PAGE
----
The Great Cold Snap of 2019 has given us a ton of terms we didn’t know we needed: Frost quakes. Snow squalls. Steam fog.
Now we can add another one to the list: ghost apples.
Andrew Sietsema was pruning apple trees in an icy orchard in western Michigan when he came across some.
Freezing rain this week caused an icy spectacle to form at an orchid near Sparta, Michigan: so-called “ghost apples.”
Local resident Andrew Sietsema first spotted the odd phenomenon while pruning apple trees in the Fruit Ridge area of Kent County. He later took to Facebook with photos of the glass-looking orbs, dubbing the icy creation “ghost apples.”
Freezing rain coated the rotting apples, which were a variety known as Jonagold. Later, when Sietsema began to prune the trees, “mush” fell out the bottom of the icy shells, leaving only the encasements behind.
“I guess it was just cold enough that the ice covering the apple hadn’t melted yet, but it was warm enough that the apple inside turned to complete mush (apples have a lower freezing point than water),” he said. “And when I pruned a tree it would be shaken in the process, and the mush would slip out of the bottom of the ‘ghost apple.'”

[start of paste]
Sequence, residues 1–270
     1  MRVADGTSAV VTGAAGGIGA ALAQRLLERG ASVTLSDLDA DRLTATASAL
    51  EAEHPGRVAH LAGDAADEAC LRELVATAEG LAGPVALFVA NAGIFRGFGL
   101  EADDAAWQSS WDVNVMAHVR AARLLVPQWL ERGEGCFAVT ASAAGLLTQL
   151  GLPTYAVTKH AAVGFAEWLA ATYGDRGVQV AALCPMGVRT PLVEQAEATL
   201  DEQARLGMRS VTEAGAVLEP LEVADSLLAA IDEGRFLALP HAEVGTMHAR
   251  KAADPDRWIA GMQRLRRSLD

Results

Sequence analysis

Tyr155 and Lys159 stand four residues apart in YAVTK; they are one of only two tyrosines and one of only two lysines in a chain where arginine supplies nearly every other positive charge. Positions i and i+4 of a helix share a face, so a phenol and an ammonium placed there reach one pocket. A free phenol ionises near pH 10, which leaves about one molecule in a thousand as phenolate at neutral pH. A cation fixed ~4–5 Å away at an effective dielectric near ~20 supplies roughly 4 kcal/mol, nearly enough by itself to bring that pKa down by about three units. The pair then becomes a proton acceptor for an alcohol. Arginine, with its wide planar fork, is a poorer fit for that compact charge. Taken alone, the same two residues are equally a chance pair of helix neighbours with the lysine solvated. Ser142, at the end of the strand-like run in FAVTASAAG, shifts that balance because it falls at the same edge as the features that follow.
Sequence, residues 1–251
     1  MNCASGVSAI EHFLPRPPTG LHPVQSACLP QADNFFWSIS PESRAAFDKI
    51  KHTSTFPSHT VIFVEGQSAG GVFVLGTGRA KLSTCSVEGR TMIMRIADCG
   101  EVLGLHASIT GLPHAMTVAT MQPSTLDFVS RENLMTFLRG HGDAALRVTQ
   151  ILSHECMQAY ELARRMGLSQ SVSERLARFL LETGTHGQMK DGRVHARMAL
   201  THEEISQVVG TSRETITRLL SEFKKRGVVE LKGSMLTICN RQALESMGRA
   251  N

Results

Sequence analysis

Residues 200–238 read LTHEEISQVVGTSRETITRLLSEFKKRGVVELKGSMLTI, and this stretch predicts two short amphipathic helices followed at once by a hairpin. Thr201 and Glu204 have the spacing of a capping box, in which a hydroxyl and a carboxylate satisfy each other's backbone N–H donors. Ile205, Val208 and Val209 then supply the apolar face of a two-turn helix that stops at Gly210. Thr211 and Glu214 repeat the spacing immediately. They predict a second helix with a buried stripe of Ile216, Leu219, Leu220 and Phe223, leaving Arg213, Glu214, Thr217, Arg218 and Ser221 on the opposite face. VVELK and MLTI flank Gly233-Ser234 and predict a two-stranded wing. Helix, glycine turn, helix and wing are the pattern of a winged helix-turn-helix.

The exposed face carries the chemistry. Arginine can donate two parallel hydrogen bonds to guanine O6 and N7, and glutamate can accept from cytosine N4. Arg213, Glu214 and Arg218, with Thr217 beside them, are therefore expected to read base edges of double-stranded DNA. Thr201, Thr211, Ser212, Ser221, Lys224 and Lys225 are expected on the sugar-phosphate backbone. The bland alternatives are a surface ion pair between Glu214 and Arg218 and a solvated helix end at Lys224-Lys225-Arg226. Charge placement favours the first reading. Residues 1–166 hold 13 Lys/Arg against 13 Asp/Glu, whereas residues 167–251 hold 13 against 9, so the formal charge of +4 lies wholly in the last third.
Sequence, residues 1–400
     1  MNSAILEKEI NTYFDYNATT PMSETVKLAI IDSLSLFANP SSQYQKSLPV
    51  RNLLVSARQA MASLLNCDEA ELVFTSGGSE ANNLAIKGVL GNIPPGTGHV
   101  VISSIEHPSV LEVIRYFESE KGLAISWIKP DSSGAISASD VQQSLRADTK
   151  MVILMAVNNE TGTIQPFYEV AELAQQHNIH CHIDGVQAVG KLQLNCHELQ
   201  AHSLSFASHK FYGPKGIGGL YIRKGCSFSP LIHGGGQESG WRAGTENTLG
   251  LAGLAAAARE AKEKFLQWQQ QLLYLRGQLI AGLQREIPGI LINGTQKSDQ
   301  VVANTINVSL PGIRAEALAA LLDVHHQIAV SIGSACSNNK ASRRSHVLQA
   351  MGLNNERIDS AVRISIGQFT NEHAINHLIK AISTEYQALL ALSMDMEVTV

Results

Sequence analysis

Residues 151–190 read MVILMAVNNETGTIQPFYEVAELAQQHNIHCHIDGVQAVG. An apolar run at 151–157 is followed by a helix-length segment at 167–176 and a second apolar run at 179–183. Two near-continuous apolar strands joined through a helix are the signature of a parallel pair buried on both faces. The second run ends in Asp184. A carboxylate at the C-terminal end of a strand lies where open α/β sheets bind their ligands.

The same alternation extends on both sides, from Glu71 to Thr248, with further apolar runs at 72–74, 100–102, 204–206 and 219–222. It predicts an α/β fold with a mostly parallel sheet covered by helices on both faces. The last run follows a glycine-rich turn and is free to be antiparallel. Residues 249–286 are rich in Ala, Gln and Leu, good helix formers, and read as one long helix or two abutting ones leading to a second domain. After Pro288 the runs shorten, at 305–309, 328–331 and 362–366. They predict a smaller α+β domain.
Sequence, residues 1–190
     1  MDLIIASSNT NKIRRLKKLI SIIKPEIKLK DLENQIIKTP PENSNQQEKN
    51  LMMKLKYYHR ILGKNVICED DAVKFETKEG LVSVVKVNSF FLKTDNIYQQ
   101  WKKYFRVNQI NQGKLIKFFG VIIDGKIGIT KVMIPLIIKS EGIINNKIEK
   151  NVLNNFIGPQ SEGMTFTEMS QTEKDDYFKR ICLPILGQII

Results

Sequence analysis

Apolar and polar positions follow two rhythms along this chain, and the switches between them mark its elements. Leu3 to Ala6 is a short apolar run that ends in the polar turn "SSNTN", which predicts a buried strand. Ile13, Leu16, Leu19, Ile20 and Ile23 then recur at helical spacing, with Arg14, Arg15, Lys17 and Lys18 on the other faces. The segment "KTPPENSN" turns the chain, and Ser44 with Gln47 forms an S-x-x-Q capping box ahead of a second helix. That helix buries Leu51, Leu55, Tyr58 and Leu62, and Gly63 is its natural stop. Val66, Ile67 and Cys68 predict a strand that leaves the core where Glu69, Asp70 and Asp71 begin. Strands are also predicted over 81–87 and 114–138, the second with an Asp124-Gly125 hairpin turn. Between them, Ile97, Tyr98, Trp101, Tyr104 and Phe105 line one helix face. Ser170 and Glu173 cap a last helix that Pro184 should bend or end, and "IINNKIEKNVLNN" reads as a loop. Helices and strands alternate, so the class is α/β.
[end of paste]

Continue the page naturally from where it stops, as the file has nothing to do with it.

While most of the apples fell off of the trees — ice and all — “quite a few would leave a cool ‘ghost apple’ behind,” he continued, joking the creations could also be called “Jona-ghosts.”
As of Friday afternoon, Sietsema’s photos of the ghost apples had been shared roughly 10,000 times.
“From the icy grip of the Arctic outbreak, to above average temperatures this week, which then lead to a day of freezing rain instead of the snow western Michigan is accustomed to.” said CNN meteorologist Judson Jones.
“Freezing rain will turn anything it touches into a glaze of pure ice. In this case, unpicked old apples.”
You could probably find a lot of ghost apples right now in any orchard in what’s known as the Ridge, a region near Sparta, Michigan, known for apple production.
“Most apples just fell off, ice and all. But quite a few would leave a cool “ghost apple” behind,” Sietsema said.